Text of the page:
The Conjuring 3 (or, officially, The Conjuring: The Devil Made Me Do It; a clunky title if there ever was one) wound up being one of the dozen or so Warner Bros. tentpole films that would definitely have debuted in theaters in any other year. But we got that pandemic on… so to HBO Max it went. Which works out well for me because these days, well… as much as I will advocate for the continued existence of movie theaters for the rest of my life, I find it tough to find the time to go to one anymore. (Why do you think A Quiet Place 2 isn’t on the list this year?)
I have to confess something before I get started: I was a little drunk and extremely tired when I fired this movie up, so forgive my fogginess on some of the details.
Like the other two Conjuring films, this one uses a “””factual””” event as the springboard for its story. I used triple quotations on “factual”, because they’ve always had the thinnest possible connection to reality in these movies, and honestly, since we’re dealing with ghosts and witches and demonic possessions, it would be silly to expect a grounded, even-handed account. These are essentially those haunted house rollercoaster rides you sometimes see at carnivals, but in cinema.
This is in fact based on a real murder case in which the defendant claimed innocence by way of demonic possession, and the infamous Ed and Lorraine were involved in some capacity. But of course, in this retelling, anybody in the vicinity of the event would be able tell that, yes, of course this was obvious demonic possession. We see an exorcism performed, we see a man invite the demon to leave the host body and come into his own, we see the guy convulse violently at the same time the original host is cured, and then we see the guy acting strangely from that point forward. Open and shut!
But of course the Warrens have to try to prove this in a court of law – which even the movie’s pre-credits text wrapup admits didn’t work out – so off they go on another spooky adventure! What follows is less of a housebound affair than previous Conjurings, but still manages to feel like it’s hitting all the same beats all over again. The slow, quiet buildups, jump scares, and surprise reveals of up-close spookies are doled out with familiar rhythms. There’s an actual human antagonist this time around though, who is responsible for all the witchey happenings and demon possessions and mysterious totems that keep popping up, so that’s new.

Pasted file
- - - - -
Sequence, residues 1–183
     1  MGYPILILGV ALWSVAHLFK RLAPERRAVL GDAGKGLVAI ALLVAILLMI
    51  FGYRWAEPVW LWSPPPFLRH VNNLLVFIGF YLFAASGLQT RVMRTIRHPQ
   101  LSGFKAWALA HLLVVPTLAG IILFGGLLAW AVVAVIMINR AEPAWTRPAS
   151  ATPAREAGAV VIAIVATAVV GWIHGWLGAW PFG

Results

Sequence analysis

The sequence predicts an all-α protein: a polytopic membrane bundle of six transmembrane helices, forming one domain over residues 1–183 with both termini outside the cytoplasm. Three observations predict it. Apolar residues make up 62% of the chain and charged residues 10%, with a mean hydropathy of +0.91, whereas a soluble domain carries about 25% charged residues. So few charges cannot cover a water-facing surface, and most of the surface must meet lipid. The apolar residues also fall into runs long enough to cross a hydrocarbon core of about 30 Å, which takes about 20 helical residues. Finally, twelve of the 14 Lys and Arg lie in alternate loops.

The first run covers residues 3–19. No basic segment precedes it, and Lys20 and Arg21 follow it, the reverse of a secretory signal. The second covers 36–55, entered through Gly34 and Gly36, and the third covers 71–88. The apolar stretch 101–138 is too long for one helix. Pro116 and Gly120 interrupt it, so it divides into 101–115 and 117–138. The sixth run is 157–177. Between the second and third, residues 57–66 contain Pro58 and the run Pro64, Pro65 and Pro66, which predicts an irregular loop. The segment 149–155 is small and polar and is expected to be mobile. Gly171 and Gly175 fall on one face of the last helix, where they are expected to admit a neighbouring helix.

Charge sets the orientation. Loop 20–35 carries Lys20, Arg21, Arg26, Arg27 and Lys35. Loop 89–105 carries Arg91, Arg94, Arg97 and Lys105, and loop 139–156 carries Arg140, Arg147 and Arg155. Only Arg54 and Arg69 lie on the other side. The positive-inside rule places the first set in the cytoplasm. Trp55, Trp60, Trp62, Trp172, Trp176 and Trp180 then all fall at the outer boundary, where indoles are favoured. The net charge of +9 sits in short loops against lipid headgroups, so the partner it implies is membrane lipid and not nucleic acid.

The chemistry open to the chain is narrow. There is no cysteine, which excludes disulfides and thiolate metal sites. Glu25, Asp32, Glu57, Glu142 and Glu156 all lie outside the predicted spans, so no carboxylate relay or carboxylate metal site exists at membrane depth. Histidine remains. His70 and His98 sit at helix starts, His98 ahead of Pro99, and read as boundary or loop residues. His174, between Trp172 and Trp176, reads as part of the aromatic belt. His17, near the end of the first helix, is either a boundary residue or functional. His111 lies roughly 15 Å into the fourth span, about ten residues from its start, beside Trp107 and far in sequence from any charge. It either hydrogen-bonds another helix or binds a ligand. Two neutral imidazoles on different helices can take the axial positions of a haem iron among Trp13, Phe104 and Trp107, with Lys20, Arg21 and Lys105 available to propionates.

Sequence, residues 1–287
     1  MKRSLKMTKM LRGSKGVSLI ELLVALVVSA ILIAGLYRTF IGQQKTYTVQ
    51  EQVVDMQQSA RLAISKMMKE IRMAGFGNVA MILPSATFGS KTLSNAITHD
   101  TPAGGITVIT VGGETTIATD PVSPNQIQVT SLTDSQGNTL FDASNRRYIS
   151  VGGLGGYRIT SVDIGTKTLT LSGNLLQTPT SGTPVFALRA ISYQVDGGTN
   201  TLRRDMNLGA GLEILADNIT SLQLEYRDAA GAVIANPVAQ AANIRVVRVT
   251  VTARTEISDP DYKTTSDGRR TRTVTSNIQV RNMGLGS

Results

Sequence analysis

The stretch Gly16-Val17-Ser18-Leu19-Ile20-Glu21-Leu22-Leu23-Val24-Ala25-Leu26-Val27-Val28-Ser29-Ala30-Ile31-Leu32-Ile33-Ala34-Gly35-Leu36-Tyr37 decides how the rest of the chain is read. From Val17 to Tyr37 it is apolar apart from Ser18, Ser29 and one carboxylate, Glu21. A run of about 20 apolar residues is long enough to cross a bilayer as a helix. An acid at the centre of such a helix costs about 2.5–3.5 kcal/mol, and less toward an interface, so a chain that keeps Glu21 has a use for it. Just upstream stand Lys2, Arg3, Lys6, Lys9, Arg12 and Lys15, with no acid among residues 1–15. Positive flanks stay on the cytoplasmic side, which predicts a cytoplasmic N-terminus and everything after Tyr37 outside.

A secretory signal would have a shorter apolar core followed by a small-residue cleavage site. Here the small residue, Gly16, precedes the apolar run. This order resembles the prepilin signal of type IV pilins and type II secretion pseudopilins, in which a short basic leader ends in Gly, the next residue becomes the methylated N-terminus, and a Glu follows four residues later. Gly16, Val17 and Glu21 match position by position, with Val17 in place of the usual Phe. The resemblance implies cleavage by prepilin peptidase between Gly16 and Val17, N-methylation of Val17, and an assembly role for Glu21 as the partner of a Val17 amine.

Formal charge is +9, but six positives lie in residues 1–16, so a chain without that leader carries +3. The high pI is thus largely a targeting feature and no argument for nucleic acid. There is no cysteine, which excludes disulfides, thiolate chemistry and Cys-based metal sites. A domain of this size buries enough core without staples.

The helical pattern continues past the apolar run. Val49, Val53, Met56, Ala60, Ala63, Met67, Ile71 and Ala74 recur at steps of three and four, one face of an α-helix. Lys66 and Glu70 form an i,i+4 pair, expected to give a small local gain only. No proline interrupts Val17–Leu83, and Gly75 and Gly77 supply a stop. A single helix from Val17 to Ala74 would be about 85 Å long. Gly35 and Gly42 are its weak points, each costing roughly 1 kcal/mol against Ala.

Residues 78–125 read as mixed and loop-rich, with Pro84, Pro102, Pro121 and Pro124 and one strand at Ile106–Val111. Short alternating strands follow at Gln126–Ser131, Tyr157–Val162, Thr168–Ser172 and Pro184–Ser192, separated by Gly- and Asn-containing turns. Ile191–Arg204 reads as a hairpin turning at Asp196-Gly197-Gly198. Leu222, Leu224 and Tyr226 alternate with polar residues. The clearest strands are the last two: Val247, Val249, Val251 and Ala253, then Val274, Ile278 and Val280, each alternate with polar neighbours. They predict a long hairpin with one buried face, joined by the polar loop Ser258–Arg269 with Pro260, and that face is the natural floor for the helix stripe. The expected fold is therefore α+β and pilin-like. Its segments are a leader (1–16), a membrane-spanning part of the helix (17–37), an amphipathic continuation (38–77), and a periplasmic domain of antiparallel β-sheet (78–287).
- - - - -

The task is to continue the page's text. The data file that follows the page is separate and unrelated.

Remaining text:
I haven’t bothered to see the lesser Conjuring-verse movies – The Nun and La Llorona – but between three Conjurings and three Annabelles, the formula is starting to feel a little stale. I guess I should be grateful that, of all the movie franchises that have attempted to ape Marvel’s success by creating “universes”, this is actually the most successful one. And the reliable box office takes keep horror cinema healthy, so hats off to that. But I think it’s time to start taking some bigger risks. The MCU started to feel like it was running out of gas after the first Avengers movie, and it took embracing wild ideas that seemed like they could never work (and then executing them well, of course) for it to maintain its potency. The Conjuring 3 is a fine horror flick, but I hope to see some more unexpected territory explored in the next installment.